François Truffaut and Friends: Modernism, Sexuality, and Film Adaptation

François Truffaut and Friends: Modernism, Sexuality, and Film Adaptation

by Robert Stam
     
 

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"Supple and sophisticated, Francois Truffaut and Friends tells an affecting story--several stories--and does so with verve."--Dudley Andrew, Professor of Comparative Literature and Film Studies, Yale University

"An original and fascinating study that spins out from Truffaut's Jules and Jim to explore the world of literature, film, and avant-garde sexuality."--James

Overview

"Supple and sophisticated, Francois Truffaut and Friends tells an affecting story--several stories--and does so with verve."--Dudley Andrew, Professor of Comparative Literature and Film Studies, Yale University

"An original and fascinating study that spins out from Truffaut's Jules and Jim to explore the world of literature, film, and avant-garde sexuality."--James Naremore, author of More Than Night: Film Noir and Its Contexts

"A fascinating study. It won't be possible to watch Jules and Jim again without thinking of the complex layers of lived and imagined life that feed into Truffaut's classic film."--Annette Insdorf, author of Francois Truffaut

One of Francois Truffaut's most poignantly memorable films, Jules and Jim, adapted a novel by the French writer Henri-Pierre Roche. The characters and events of the 1962 film were based on a real-life romantic triangle, begun in the summer of 1920, that involved Roche, the German-Jewish writer Franz Hessel, and his wife, the journalist Helen Grund.

Drawing on Truffaut's Jules and Jim, Two English Girls, and The Man Who Loved Women, along with the various memoirs, journals, and novels written by the prototypes, Robert Stam provides the first in-depth examination of the multifaceted relationship between Truffaut and Roche. In the process, he provides a unique lens through which to examine transtextual adaptation across various genres and media. Truffaut's use of Roche's work, Stam suggests, demonstrates how adaptations can be more than simply copies of their originals; rather, they can be an immensely creative enterprise.

The book moves beyond Truffaut's films to explore the intertwined lives and works of other famous artist/intellectual friends of the threesome, including Marcel Duchamp, Walter Benjamin, and Charlotte Wolff. Along the way, the book explores the aesthetics of flanerie, the sexual politics of bohemia, and the ethics of anti-semitism and homoeroticism.

Robert Stam is University Professor at New York University. He has published widely on French and comparative literature, film, and theory.

Editorial Reviews

Library Journal
In his latest monograph, Stam (cinema studies, NYU; Literature Through Film) focuses on the complex, multifaceted relationship between filmmaker Fran ois Truffaut and French writer Henri-Pierre Roche's novelization of his sexual m nage- -trois with another writer and that man's wife. Truffaut, of course, adapted the story of the threesome in his seminal Jules and Jim. Drawing on that film and others by Truffaut, as well as on the writings of theorists like Walter Benjamin, Stam examines not only the interweaving relationships between friends and lovers but also the larger question of sexual modernism in the 20th century. Straightforward biography is eschewed for "the biographical overtones and historical reverberations of texts." Anyone interested in the intimate personal details of mid-century European intelligentsia, the interplay of written word and electronic media, or the development of Truffaut's technique will find something of value in this well-written and -researched study. Serious students will also want to read Ian MacKillop's Free Spirits: Henri-Pierre Roche, Fran ois Truffaut, and the Two English Girls. Recommended for comprehensive academic film studies collections.-Anthony J. Adam, Prairie View A&M Univ. Lib., TX Copyright 2006 Reed Business Information.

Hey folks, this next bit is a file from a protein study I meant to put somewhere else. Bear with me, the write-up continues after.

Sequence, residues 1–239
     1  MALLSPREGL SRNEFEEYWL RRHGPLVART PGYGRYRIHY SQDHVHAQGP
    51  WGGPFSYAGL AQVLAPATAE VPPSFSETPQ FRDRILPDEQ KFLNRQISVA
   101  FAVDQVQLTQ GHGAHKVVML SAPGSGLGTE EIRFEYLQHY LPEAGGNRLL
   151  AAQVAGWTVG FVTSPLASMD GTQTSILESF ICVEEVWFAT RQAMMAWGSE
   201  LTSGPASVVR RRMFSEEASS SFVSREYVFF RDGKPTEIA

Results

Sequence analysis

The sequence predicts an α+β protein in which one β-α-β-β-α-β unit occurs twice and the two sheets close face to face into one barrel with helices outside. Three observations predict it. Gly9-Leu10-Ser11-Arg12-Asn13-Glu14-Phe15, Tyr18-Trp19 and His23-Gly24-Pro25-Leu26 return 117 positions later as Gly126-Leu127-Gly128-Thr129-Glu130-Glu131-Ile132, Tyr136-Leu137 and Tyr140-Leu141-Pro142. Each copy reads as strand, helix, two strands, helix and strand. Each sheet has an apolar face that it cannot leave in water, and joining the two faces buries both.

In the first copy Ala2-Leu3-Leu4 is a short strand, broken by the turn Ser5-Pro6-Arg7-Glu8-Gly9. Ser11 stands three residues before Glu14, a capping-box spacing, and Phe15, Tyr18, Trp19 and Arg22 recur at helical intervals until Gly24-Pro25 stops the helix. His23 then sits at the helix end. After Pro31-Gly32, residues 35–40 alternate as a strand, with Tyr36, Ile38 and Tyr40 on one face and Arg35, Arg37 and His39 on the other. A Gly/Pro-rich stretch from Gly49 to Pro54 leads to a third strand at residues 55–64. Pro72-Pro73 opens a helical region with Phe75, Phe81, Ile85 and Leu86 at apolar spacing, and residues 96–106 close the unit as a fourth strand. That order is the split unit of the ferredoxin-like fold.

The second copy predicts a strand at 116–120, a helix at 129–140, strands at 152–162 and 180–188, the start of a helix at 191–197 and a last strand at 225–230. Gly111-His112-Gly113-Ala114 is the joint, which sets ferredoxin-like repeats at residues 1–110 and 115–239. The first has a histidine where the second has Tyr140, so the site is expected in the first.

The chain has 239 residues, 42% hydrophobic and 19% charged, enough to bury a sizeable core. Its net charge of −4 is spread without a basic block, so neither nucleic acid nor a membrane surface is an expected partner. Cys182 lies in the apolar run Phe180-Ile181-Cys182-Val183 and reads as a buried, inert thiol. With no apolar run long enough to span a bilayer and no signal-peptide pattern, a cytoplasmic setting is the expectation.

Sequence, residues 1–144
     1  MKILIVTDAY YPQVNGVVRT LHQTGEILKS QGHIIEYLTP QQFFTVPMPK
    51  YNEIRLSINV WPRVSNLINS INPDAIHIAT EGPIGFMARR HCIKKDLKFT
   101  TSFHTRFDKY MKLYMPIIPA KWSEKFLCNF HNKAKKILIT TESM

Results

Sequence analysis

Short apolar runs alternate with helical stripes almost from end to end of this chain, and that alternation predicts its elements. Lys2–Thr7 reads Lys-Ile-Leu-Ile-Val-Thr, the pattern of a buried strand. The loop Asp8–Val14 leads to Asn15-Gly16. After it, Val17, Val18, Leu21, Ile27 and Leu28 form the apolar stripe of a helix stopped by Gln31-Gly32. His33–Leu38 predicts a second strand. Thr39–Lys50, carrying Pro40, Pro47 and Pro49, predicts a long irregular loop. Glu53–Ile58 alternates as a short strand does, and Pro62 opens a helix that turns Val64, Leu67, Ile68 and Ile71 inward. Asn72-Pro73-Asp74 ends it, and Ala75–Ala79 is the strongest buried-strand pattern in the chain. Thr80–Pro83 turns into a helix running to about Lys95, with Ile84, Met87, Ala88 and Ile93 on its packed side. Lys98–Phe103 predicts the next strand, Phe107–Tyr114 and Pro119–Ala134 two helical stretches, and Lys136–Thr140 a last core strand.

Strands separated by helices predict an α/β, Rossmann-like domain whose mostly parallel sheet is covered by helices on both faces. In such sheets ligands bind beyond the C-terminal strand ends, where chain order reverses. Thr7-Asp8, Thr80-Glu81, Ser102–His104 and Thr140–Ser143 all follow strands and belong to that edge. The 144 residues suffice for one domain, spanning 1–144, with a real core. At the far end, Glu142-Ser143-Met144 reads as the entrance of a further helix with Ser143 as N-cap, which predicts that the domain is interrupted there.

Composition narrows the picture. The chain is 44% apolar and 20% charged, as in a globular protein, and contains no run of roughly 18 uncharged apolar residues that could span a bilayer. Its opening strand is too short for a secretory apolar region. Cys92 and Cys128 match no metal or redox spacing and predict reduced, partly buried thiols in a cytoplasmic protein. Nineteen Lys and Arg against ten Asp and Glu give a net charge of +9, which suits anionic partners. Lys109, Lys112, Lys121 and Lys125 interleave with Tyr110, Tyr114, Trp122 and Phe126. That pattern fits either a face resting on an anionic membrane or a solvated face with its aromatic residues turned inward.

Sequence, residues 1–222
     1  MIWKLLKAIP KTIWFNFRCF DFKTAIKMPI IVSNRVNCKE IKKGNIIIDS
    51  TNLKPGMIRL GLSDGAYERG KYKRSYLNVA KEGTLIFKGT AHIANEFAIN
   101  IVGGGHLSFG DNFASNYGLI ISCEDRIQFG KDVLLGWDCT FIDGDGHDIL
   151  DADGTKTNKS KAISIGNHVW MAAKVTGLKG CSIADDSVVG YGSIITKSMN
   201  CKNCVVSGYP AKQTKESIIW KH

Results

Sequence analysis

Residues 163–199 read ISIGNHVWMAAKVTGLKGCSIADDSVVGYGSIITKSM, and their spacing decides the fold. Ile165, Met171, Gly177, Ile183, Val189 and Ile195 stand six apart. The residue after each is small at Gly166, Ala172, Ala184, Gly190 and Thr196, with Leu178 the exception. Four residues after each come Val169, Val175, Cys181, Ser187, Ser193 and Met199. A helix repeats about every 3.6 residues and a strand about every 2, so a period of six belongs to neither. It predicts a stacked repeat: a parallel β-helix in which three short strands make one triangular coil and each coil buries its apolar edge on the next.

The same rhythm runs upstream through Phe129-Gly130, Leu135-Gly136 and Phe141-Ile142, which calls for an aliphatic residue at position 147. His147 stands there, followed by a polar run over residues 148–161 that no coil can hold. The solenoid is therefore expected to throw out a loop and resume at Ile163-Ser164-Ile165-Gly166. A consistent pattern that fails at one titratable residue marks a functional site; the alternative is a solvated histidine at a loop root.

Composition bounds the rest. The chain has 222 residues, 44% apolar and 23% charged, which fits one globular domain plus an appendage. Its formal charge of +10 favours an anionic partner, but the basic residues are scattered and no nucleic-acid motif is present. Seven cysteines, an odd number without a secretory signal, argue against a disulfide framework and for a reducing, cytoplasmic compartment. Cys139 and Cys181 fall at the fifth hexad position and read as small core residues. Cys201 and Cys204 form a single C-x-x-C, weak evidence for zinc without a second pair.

professor of comparative literature and film studies, Yale University - Dudley Andrew
"Supple and sophisticated, François Truffaut and Friends tells an affecting story-several stories-and does so with verve."
author of More Than Night: Film Noir in Its Contexts - James Naremore
"An original and fascinating study that spins out from Truffaut's Jules and Jim to explore the world of literature, film, and avant-garde sexuality to which it is related. Stam has many interesting things to say about the theory of adaptation, the sexual politics of modernist bohemia, and the lives of individual artists."
author of Francois Truffaut - Annette Insdorf
"Robert Stam has written a fascinating study of transposition, illuminating aspects of biography, literature and cinema. It won't be possible to watch Jules and Jim again without thinking of the complex layers of lived and imagined life that feed into Truffaut's classic film."
author of Perverse Desire and the Ambiguous Icon - Allen S. Weiss
"We discover-in Robert Stam's sexy, startling, and infinitely entangled plot-that hyperbolic infidelity may indeed inspire felicitous creativity, which makes this book essential reading not only for all those impassioned by modernist autobiography and New Wave cinema, but even more important in our times, for those who wish to celebrate the joyful wisdom of erotic values."

Product Details

ISBN-13:
9780813537252
Publisher:
Rutgers University Press
Publication date:
02/15/2006
Edition description:
New Edition
Pages:
262
Product dimensions:
6.13(w) x 9.25(h) x (d)

Meet the Author

Robert Stam is University Professor at New York University, where he teaches a course on the French New Wave. He has published widely on French and comparative literature, film, and theory.

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